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Trouble at the top
Michael Hammond

With this week’s axing of Grimshaw’s Minerva tower project in London’s City district, questions are being asked whether any of the post-Gherkin crop of tall buildings will actually proceed to site. Foster’s Swiss-Re building, dubbed the Gherkin (itself up for sale) was the first tall building in the City for some 17 years but struggled to find tenants. Some will be happy about the Minerva news as fears have been expressed about whether the Gherkin’s approval in such a sensitive zone, near the historic St Pauls Cathedral, would open the floodgates for a rash of “lesser quality” towers. Indeed a number of proposals from the giants of architecture subsequently landed on planners’ desks and London’s pro-tall mayor, Ken Livingstone further fuelled the fears by


personally driving through a raft of high rise permissions, often overriding his own Strategic View Management Framework guidelines in the process.
However, commerce, the great leveller, has overtaken politics and the sluggish letting of the 40 story Gherkin building has sent shivers through the London property market with most, if not all of the tower proposals remaining “in-the-pipeline”.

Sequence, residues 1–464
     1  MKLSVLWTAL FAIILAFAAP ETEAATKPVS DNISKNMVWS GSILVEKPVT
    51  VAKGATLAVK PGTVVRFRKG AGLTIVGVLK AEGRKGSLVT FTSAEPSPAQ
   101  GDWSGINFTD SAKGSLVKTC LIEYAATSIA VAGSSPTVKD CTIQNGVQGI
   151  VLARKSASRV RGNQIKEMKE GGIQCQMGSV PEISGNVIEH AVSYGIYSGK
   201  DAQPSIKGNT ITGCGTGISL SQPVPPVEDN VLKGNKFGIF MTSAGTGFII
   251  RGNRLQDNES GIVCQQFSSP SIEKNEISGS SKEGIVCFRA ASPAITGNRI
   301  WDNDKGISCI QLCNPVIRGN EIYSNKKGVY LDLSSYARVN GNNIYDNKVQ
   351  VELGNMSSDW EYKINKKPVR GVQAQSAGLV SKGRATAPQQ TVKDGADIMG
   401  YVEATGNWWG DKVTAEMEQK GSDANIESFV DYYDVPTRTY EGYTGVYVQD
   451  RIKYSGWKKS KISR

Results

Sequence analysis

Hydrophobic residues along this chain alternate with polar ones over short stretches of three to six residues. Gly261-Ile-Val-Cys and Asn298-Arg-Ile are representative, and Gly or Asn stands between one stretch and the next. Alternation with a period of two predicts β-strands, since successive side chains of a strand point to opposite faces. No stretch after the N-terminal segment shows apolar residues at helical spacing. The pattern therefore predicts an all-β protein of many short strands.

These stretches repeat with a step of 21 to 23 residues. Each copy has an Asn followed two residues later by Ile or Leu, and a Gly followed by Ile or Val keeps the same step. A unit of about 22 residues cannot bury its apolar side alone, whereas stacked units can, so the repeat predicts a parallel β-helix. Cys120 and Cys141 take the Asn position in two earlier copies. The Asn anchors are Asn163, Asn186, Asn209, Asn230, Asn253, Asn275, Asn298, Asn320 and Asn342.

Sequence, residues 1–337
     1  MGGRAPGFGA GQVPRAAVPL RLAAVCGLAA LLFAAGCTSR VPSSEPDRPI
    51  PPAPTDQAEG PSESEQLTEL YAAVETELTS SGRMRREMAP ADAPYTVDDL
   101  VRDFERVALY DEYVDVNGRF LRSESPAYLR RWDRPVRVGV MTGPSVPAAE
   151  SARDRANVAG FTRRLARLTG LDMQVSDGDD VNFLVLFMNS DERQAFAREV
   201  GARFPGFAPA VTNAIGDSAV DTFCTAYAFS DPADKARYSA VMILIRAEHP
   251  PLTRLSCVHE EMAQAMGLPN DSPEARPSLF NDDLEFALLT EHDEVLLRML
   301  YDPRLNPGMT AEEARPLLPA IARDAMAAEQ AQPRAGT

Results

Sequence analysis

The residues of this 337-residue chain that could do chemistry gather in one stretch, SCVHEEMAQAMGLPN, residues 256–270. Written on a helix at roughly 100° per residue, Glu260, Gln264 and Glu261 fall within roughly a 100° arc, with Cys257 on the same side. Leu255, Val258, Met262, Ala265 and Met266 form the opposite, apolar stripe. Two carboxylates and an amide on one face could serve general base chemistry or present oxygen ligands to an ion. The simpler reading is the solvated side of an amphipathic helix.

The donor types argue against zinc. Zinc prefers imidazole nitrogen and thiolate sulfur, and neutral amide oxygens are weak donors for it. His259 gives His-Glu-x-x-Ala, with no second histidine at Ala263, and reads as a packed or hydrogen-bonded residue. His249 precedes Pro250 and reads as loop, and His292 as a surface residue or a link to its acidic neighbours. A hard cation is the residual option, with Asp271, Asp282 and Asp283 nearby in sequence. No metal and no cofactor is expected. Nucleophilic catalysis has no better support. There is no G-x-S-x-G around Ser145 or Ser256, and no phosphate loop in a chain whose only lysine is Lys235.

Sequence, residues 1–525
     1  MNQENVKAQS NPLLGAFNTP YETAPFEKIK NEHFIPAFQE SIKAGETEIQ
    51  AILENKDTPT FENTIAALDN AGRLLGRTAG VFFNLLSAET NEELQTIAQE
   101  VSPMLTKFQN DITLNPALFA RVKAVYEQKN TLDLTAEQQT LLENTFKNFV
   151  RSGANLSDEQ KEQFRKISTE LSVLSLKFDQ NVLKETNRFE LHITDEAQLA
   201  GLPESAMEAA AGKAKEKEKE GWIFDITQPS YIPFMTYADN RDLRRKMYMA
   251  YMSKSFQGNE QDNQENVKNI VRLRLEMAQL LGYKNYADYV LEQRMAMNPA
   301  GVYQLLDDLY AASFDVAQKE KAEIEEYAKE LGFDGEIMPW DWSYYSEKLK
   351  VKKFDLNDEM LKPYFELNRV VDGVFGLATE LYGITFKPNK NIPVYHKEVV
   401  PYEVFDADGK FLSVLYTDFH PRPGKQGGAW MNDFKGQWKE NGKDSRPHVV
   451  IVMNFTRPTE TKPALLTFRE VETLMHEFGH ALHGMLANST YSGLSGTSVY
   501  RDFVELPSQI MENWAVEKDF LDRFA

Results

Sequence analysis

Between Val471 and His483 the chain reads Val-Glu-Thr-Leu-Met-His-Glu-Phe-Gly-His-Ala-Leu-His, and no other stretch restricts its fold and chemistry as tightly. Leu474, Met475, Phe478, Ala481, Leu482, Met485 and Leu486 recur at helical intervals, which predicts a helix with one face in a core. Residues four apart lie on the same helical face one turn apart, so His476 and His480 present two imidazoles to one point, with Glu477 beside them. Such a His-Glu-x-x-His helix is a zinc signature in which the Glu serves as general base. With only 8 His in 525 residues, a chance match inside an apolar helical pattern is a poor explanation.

One of the first “post Gherkin” projects to receive planning was KPF’s 42 storey Heron Tower which received the green light back in 2002 but so far no date has been fixed for a start on site. Possibly the most spectacular of the schemes, Renzo Piano’s dramatic Shard of Glass proposal for flamboyant developer Irvine Sellar at London Bridge Station had been waiting for a substantial pre-let before progressing. The Shard was flagged to be the tallest building in Europe, however, even now that it has two confirmed tenants, the latter being Ken Livingstone’s (surprise) Transport for London (TFL) this project remains firmly on the drawing board.
Richard Roger’s 48 storey tower at 122 Leadenhall Street was forecast to start in 2005 but is still reported to be at scheme design stage this week. Projects are still piling into the holding bay with Rafael Vinoly’s so-called “Walkie Talkie” building for Land Securities at 20 Fenchurch Street which has been cropped from 46 to 39 floors during the planning process. The only tallish project to get out of the ground in the


City is Foster’s 29 storey Willis Building on the site of the former Lloyds building opposite Richard Roger’s iconic new Lloyds Building.
A recent poll of Londoners showed that 54% disapproved of the Mayor overriding local objections in planning matters and did want his powers to be further increased as proposed by the Government. Livingtone, in his classic confrontational style hit back saying he would intervene only in a “small number of large strategic applications” to increase the provision of new housing.
London’s skyline may have stabilised for the moment but in reality this is probably only a delay of the inevitable.

Michael Hammond

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